Methods for measuring risk-aversion: problems and solutions

Philip J Thomas

Research output: Chapter in Book/Report/Conference proceedingConference Contribution (Conference Proceeding)

1 Citation (Scopus)
228 Downloads (Pure)


Risk-aversion is a fundamental parameter determining how humans act when required to operate in situations of risk. Its general applicability has been discussed in a companion presentation, and this paper examines methods that have been used in the past to measure it and their attendant problems. It needs to be borne in mind that risk-aversion varies with the size of the possible loss, growing strongly as the possible loss becomes comparable with the decision maker's assets. Hence measuring risk-aversion when the potential loss or gain is small will produce values close to the risk-neutral value of zero, irrespective of who the decision maker is. It will also be shown how the generally accepted practice of basing a measurement on the results of a three-term Taylor series will estimate a limiting value, minimum or maximum, rather than the value utilised in the decision. A solution is to match the correct utility function to the results instead.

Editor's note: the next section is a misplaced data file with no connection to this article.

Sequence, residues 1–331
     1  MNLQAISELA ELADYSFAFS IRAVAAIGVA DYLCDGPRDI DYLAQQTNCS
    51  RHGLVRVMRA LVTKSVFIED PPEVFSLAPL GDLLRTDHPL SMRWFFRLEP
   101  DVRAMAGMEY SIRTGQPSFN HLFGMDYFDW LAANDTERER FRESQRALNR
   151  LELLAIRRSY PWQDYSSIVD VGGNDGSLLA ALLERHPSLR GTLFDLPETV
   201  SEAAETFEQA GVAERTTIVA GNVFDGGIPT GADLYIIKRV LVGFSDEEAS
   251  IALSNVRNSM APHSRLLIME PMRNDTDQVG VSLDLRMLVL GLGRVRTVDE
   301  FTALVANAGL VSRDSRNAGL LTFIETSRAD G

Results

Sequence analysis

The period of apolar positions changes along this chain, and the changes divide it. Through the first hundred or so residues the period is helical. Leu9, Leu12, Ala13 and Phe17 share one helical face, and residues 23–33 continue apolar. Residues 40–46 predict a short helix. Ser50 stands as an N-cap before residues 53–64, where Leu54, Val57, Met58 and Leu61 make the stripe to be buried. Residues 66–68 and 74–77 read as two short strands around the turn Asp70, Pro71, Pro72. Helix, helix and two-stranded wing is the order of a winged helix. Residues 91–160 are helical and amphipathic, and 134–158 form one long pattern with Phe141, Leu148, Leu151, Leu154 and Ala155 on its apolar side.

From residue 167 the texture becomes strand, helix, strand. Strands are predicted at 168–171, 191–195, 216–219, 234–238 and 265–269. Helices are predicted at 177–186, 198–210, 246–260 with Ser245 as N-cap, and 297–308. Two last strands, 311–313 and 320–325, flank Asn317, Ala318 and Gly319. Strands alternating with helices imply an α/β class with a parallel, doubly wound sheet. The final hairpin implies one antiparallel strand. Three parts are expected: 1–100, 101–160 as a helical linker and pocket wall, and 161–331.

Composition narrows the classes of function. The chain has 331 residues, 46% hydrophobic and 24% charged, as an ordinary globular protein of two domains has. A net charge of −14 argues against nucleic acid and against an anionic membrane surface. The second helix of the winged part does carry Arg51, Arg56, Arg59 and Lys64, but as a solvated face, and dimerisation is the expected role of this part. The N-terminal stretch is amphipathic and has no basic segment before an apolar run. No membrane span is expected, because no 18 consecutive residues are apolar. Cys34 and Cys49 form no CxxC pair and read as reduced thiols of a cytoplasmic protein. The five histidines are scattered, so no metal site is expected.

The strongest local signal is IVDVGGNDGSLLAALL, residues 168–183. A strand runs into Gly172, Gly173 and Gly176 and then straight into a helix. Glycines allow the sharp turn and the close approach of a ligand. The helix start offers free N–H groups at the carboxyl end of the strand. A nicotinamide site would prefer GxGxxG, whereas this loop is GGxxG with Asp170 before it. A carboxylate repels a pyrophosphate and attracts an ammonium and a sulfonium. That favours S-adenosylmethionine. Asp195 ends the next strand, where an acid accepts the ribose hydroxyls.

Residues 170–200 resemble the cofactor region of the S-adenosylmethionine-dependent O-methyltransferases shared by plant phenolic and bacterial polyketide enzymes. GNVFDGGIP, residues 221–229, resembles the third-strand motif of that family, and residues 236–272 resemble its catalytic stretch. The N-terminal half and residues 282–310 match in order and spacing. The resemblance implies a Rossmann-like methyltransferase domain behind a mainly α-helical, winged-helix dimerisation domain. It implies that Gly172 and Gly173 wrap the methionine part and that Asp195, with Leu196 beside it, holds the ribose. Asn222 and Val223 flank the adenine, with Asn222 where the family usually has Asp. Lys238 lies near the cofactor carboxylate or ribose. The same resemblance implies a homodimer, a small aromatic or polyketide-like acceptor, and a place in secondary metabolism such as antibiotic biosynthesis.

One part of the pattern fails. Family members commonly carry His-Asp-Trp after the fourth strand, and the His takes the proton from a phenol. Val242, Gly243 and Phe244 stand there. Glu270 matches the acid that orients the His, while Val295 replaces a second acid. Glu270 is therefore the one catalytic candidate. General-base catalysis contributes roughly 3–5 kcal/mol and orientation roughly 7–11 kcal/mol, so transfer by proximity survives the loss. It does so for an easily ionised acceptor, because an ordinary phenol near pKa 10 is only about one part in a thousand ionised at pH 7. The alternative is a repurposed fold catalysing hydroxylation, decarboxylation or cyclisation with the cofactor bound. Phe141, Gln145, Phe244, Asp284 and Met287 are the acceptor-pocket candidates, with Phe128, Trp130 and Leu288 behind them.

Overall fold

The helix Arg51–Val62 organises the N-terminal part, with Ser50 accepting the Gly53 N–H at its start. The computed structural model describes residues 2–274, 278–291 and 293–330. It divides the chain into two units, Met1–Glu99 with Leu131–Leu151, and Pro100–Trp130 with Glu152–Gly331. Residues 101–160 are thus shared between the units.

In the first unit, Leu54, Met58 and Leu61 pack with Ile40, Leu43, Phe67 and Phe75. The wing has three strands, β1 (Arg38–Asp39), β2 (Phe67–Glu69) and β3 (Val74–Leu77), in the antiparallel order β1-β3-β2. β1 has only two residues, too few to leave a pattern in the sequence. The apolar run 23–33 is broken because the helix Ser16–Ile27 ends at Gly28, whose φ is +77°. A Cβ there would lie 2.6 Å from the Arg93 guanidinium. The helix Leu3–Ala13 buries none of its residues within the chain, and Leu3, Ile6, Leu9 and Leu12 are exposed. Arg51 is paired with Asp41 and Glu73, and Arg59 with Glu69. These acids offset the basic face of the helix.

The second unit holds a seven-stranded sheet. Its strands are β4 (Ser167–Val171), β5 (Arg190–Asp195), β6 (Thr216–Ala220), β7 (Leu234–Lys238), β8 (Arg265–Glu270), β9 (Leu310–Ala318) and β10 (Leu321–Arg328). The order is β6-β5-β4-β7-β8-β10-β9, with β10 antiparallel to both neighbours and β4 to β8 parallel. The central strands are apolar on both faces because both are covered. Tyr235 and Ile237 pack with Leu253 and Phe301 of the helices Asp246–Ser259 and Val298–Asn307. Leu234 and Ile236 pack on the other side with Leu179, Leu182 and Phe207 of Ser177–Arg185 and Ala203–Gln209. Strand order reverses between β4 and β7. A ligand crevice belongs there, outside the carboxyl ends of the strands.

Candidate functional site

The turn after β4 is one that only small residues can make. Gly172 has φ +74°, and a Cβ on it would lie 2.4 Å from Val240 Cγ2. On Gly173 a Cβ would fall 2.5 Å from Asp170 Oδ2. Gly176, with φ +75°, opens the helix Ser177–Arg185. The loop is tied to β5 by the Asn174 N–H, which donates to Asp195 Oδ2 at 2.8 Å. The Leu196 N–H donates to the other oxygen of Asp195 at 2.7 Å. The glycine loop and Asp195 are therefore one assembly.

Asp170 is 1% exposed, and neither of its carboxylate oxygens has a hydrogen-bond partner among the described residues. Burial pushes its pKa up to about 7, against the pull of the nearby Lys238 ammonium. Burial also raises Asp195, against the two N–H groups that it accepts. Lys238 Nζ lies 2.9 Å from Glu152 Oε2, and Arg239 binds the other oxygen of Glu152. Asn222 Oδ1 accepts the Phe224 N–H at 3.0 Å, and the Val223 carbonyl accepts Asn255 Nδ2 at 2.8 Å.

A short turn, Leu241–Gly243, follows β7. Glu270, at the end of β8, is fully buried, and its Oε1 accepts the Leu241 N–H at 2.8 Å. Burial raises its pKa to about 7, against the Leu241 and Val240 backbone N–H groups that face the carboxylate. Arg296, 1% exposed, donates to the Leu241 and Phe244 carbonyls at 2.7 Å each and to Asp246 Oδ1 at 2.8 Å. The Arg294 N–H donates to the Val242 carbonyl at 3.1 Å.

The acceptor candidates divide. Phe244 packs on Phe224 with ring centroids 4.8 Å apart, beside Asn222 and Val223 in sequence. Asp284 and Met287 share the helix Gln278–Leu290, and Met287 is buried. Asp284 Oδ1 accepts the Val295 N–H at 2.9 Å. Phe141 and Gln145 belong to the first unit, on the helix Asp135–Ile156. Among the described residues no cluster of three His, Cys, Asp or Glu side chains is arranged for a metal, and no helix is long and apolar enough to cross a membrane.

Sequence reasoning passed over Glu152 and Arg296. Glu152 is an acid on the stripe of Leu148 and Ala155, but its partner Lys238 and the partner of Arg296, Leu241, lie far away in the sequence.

Original languageEnglish
Title of host publication2013 Joint IMEKO (International Measurement Confederation) TC1-TC7-TC13 Symposium: Measurement Across Physical and Behavioural Sciences
Subtitle of host publication4–6 September 2013, Genoa, Italy
PublisherIOP Publishing
Number of pages6
Publication statusPublished - 2013
Event2013 Joint IMEKO TC1-TC7-TC13 Symposium Measurement across physical and behavioural sciences - Genoa, Italy
Duration: 4 Sept 20136 Sept 2013
Conference number: 13

Publication series

NameJournal of Physics: Conference Series
PublisherIOP Publishing
ISSN (Print)1742-6588
ISSN (Electronic)1742-6596


Conference2013 Joint IMEKO TC1-TC7-TC13 Symposium Measurement across physical and behavioural sciences


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